Tareq Salahi Says He Will Take His Case to Virginia Supreme Court

Though his lawsuit against Neal Schon and Journey was dismissed with prejudice by a Warren County judge, Salahi plans to pursue it further.

By: Carol Ross Joynt

Tareq Salahi. Photograph courtesy of Tareq Salahi.

Back in April, when we had a long phone conversation with Tareq Salahi, he said that in his pursuit of a financial settlement from his estranged wife Michaele’s new lover, Neal Schon, and his band, Journey, he was prepared for a “full-blown” jury trial. He vowed he would call “everyone” to testify—“Journey, the whole band, their wives, their girlfriends.” Yesterday, a judge in Warren County, Virginia denied him that opportunity. Now Salahi says he’s not deterred; he will take the case to the Virginia Supreme Court.

The Warren County court dismissed “with prejudice” Tareq Salahi’s $50 million lawsuit against Michaele, Schon, and Journey. A similar complaint was dismissed in April, though this week’s ruling is the first time with prejudice.

Schon and Journey hired a Fairfax law firm, Odin, Feldman & Pittleman, to represent them. One of the lawyers, Bruce M. Blanchard, said he is not concerned about the appeal to the Supreme Court, which he says is more an attempt than a fact. “In Virginia, in a civil case, you don’t get an appeal as a matter of right. It’s a petition to the Supreme Court, who will decide whether to hear it, send it back to the trial court, or dismiss it.” Blanchard believes trial judge Dennis Hupp gave Salahi every opportunity to prove the merits of his case during a two-hour hearing. “In this case, you had a conscientious trial judge who was fully engaged and patient.” He said Salahi’s “only hope” is if the Virginia Supreme Court throws him “a life preserver.” He does not expect that to happen.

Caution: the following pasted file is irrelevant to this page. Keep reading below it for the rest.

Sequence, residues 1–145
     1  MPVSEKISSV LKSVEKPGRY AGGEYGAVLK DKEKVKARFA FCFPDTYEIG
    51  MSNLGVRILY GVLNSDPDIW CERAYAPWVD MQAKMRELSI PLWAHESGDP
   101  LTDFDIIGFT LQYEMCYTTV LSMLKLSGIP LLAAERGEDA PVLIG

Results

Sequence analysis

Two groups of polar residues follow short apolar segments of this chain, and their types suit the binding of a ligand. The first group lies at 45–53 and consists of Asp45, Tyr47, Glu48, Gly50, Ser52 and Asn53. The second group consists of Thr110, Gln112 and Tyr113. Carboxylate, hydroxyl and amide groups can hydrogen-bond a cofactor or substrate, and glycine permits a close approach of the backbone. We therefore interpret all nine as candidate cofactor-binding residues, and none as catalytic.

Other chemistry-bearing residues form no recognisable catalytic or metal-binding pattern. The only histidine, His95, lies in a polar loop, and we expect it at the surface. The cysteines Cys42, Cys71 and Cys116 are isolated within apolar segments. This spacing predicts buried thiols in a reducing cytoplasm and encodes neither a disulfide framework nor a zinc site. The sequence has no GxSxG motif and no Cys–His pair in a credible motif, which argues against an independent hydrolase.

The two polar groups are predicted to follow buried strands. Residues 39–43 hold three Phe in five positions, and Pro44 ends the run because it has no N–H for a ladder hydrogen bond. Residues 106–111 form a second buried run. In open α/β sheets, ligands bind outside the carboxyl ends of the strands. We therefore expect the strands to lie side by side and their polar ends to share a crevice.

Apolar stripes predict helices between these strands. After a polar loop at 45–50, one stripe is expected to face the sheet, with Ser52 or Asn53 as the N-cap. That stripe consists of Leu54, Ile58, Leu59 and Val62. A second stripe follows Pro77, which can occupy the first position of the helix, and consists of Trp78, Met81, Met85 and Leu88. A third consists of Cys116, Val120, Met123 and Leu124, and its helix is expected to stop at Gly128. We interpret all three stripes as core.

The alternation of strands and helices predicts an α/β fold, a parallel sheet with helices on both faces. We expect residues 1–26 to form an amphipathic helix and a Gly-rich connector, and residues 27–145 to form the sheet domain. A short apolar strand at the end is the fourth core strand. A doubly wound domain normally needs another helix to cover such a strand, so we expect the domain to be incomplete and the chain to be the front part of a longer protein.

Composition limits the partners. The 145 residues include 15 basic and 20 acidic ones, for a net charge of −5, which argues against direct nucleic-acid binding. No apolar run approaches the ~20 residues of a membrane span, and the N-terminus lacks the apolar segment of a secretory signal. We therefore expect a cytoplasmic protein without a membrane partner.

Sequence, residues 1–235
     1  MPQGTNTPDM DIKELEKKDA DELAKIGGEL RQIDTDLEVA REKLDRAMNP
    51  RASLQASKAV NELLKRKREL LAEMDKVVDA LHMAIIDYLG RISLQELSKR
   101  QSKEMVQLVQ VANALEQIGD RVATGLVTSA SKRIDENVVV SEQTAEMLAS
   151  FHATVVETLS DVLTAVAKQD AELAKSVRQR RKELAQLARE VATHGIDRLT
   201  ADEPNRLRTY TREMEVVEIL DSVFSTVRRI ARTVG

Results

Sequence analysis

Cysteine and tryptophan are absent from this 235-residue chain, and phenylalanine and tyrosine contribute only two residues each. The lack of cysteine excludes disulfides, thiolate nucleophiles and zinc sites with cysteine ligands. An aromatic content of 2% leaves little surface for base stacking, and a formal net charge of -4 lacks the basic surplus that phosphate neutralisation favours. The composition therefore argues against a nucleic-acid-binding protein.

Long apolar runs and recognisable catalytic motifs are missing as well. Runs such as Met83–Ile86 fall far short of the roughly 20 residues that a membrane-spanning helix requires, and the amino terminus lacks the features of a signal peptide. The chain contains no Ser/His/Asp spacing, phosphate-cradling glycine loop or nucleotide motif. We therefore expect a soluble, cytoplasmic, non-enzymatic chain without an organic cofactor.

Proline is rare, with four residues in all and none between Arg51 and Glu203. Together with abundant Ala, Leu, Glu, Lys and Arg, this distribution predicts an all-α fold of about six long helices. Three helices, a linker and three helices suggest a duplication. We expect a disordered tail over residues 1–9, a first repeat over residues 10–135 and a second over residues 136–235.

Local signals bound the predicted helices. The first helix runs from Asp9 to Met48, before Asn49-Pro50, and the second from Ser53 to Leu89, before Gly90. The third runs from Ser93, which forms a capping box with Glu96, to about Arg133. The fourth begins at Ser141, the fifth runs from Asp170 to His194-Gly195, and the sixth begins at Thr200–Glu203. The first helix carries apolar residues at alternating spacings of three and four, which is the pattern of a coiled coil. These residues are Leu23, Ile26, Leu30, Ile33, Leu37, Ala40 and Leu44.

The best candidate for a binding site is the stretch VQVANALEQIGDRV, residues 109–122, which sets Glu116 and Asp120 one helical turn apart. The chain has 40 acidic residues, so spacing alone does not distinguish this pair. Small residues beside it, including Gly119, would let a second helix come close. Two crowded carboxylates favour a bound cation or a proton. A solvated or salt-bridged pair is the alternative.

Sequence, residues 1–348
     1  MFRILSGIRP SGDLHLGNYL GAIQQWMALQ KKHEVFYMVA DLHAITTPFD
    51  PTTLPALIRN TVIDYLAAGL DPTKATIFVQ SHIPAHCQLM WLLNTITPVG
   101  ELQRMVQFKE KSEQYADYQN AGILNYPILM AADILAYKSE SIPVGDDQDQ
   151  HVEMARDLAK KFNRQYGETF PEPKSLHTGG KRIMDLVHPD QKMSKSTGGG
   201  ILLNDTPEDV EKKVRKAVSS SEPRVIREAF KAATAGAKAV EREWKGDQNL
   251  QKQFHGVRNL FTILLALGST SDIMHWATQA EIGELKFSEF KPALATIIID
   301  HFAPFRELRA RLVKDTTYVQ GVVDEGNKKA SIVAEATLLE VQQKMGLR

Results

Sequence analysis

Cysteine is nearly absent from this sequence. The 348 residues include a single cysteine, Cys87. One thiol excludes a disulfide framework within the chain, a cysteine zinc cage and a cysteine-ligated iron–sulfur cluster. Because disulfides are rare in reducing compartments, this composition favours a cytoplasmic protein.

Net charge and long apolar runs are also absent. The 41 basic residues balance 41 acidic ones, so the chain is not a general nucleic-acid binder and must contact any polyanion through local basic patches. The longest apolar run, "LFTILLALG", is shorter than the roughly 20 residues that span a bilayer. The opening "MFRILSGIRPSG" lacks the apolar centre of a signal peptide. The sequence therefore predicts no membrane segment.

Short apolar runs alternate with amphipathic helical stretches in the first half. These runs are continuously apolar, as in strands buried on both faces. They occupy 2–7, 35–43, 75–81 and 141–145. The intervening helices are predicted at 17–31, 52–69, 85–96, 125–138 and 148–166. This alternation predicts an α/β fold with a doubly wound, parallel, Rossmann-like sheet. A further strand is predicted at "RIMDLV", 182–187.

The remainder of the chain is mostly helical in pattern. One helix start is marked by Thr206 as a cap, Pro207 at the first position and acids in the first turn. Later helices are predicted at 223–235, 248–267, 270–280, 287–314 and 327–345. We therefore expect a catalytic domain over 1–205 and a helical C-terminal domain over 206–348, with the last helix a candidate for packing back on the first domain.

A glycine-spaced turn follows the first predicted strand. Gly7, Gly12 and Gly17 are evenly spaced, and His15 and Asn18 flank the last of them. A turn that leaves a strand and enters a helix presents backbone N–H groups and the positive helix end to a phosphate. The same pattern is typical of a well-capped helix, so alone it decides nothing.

Tuesday morning Salahi sent The Washingtonian a statement that should, because of its classic Salahi-ness, be printed in full: “I am thankful this case will have the opportunity to be reviewed by the Virginia Supreme Court. We look forward to the chance for our case to be heard by a jury of my peers from within the local community where I grew up and in which Michaele and I lived as husband and wife. It was outrageous that Journey knew that I would be extremely emotionally distraught when my wife and business partner became missing after Neal Schon lured her into his entertainment business. Today’s decision to proceed to the Virginia Supreme Court is another step toward justice as a result of Neal Schon’s and Journey’s selfish and outrageous behavior and for their inexcusable acts, which caused me extreme emotional distress.”

Salahi’s lawyer, Chuck Roberts, said he is confident his client will get his wish of a jury trial. He says there is enough evidence of “outrageous and lewd acts committed by the defendants” to move the case forward.

For better or worse, the Salahis have been a media sensation since they showed up at a 2009 White House state dinner without an invitation and became known as the “White House gatecrashers.” They were also cast in the failed Bravo reality broadcast Real Housewives of DC. Their rap was that they were a team, a devoted and madly in love couple who shared a love for wine and horses. But then last September Michaele bolted from the marriage to take up with Schon, whom she said was her real true love. Tareq first reported her as “missing,” then soon after filed for divorce. Schon said he plans to marry Michaele eventually.